Water Resources Engineering (WRE) connects to economic, environmental, and societal issues. Our student Megan Herbst makes this connection in Jakarta, Indonesia. This current event was reported in The Guardian, on November 22, 2016, under the title “$40bn to save Jakarta: the story of the Great Garuda”. This news story is likely reliable because a similar story was also reported by Deutsche Welle, a German international broadcasting company, and another was Abitare.
Major issues for many countries, and large cities is potable drinking water. In Jakarta, a constantly growing city, the demand for water is becoming heightened. Since enough potable water is not being piped in, residents rely on well water from shallow aquifers. Typically, this is an acceptable practice, but in these circumstances the magnitude of water being withdrawn is leaving too much space underground, and so the land above it starts sinking. Along with a greater amount of water being pulled from the ground, new apartment buildings and shopping areas are creating a greater force of weight pushing down on the compacting ground. Now, some areas have sunk below sea level; this causes isues when there are times of high tide or heavy rain because gravity no longer does its job pulling water back out to sea. Instead, these areas below sea level have continuous flooding issues. The city and surrounding areas are sinking at a rate of 5-10 cm per year, causing more than 300,000 to evacuate their homes and leaving nearly 50 people dead after the floods in 2007 (Sherwell). To solve this ongoing issue, the Dutch government has offered aid to assist in a project called the National Capital Integrated Coastal Development (NCICD) program. This project proposes to build a sea wall in the shape of a garuda – a Hindu origin mythical bird, that is the national symbol of Indonesia – to help protect the city from catastrophic floods. This topic is related to water resources engineering because the lack of potable drinking water is causing failures elsewhere in the community and infrastructure. People are dying, being forced away from their homes, and have a lower quality of life due to this lack of water resources engineering. Something needs to be done, and needs to be done quickly, to save this megacity from disaster. This article was extremely thorough; however I would have like to see more information on how this proposed wall could affect the wildlife and marine mammals in the area. When new infrastructure and engineering tools, especially that in water, are being planned it is crucial to take into consideration the ecological impacts that this decision could make.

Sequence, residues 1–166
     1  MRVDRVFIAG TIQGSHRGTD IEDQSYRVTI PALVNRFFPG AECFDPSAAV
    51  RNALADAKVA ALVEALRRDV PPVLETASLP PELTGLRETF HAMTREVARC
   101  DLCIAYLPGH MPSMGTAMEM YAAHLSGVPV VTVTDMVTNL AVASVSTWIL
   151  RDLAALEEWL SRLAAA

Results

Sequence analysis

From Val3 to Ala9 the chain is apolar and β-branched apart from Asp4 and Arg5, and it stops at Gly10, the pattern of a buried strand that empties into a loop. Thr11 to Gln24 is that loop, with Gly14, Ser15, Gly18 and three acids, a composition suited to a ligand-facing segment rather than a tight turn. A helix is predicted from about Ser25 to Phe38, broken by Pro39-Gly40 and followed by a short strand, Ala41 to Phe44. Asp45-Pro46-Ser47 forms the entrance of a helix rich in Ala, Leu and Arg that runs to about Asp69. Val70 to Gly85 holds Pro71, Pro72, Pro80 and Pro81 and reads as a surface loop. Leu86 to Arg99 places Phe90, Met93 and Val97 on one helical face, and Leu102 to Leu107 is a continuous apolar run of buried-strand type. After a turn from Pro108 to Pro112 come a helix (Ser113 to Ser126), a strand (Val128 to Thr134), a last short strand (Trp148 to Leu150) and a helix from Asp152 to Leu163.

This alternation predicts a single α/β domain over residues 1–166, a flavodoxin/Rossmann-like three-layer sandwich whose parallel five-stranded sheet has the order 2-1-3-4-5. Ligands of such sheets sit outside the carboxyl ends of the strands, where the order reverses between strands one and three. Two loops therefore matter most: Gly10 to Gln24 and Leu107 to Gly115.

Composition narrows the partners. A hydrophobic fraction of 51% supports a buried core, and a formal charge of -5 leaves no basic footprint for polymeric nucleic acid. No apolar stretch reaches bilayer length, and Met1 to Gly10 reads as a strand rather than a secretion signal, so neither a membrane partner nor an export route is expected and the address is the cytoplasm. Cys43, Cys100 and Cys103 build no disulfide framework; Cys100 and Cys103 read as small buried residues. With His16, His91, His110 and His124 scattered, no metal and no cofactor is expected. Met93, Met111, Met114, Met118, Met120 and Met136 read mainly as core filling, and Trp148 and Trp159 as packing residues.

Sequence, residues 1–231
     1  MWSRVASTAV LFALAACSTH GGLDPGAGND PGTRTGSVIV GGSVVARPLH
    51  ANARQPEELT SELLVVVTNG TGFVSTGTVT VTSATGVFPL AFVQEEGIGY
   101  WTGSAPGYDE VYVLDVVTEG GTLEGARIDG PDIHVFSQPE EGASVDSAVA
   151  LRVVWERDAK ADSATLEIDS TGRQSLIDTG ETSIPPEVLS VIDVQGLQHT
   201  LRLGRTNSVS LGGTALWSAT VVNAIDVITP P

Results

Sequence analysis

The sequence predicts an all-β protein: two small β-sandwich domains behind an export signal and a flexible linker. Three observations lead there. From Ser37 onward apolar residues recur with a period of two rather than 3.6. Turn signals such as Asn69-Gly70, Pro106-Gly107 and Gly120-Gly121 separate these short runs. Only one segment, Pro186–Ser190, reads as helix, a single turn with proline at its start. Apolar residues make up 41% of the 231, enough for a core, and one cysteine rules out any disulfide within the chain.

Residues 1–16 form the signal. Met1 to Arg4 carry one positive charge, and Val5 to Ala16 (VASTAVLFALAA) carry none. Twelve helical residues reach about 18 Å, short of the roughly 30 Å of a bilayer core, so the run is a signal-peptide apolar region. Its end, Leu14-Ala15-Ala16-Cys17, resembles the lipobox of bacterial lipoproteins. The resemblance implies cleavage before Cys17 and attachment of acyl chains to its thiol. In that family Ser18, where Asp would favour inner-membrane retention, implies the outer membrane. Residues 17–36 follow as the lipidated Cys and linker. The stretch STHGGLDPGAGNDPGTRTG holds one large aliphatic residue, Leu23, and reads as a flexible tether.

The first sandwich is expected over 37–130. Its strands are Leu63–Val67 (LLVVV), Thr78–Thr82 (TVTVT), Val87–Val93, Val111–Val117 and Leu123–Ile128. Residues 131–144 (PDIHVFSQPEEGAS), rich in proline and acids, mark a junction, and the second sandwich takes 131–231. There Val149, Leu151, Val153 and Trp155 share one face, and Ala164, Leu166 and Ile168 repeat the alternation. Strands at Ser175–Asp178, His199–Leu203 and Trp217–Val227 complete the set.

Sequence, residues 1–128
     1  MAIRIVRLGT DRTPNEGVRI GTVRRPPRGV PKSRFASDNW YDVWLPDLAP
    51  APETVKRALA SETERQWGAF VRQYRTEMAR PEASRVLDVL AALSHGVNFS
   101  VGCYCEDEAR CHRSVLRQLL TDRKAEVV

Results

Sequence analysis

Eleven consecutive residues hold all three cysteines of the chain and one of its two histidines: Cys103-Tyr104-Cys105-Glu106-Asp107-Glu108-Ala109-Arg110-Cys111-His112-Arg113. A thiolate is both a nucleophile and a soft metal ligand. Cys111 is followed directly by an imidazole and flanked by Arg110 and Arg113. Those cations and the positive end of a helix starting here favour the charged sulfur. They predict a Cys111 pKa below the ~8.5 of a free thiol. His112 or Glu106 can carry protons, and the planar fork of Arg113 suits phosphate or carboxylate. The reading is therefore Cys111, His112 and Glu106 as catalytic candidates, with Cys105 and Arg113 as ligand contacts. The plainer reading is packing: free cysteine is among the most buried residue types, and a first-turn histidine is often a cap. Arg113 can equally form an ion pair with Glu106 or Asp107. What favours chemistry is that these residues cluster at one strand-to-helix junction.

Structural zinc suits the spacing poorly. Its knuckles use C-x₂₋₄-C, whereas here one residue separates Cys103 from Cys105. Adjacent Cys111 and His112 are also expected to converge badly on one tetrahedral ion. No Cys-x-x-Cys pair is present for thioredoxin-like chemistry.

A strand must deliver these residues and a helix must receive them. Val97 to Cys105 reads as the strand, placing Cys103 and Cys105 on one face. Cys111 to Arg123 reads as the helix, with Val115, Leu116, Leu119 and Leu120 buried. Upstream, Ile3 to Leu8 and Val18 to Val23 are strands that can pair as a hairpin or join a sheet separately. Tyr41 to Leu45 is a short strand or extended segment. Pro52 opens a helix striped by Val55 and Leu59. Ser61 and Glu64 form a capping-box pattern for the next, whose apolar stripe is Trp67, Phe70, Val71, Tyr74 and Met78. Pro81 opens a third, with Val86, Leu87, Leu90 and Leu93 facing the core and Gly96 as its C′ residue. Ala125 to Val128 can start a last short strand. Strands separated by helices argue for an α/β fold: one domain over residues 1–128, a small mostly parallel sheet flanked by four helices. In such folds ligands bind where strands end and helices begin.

Firgure 1. Diagram of proposed Garuda sea wall and surrounding city of Jakarta, Indonesia (Sherwell)

Firgure 1. Diagram of proposed Garuda sea wall and surrounding city of Jakarta, Indonesia (Sherwell)

Within water resources engineering three factors that must be taken into account in the decision-making process are economic, environmental and societal issues. This engineering opportunity in Jakarta poses a huge societal and social controversy. If the garuda wall is built and the surrounding islands become more industrialized, thousands of traditional fishing villages and waterfront communities will be evicted and destroyed. Many residents are left without a home, or are forced to move miles away from their homes and where they grew up and work. These Jakartans are not only losing their homes, but are losing their livelihoods as well as each fishing village is destroyed. Economically, the Dutch government has offered in aid to make this plan more probable, but some residents are skeptical about this funding and are worried about the Dutch’s motives. Environmentally the Jakarta Bay is already polluted. There is a fear that building this giant sea wall could only increase pollution and sedimentation trapped in the many rivers and canals running throughout the city, as well as the Bay. Some Jakarta natives argue that if restoration was the priority here a new economy based on tourism, aquaculture and fisheries could form from a clean bay. Jakarta, Indonesia isn’t the only city experiencing sinking and related issues; Venice, Italy is suffering a similar problem with sinking and failing infrastructure (Geoscience: Venice: sliding down, tilting east). Water resources engineering could either make or break the city of Jakarta. If nothing is done to prevent the current situation from escalating further, Northern Jakarta will longer exist. However, if the giant garuda sea wall is built then that could cause further damage to the pollution in the waterways of the city. Right now, everyone understands that something needs to be done, it is just an argument of what that something is going to be.
Figure 2. Northern Jakarta neighborhood destroyed by flood and pollution that came with it (Sherwell)

Figure 2. Northern Jakarta neighborhood destroyed by flood and pollution that came with it (Sherwell)

References

Geoscience: Venice: sliding down, tilting east. (2012). Nature, 483(7391), 512. doi:10.1038/483512a

Sherwell, P. (2016, November 22). $40bn to save Jakarta: the story of the Great Garuda. Retrieved February 20, 2017, from https://www.theguardian.com/cities/2016/nov/22/jakarta-great-garuda-seawall-sinking

Advertisements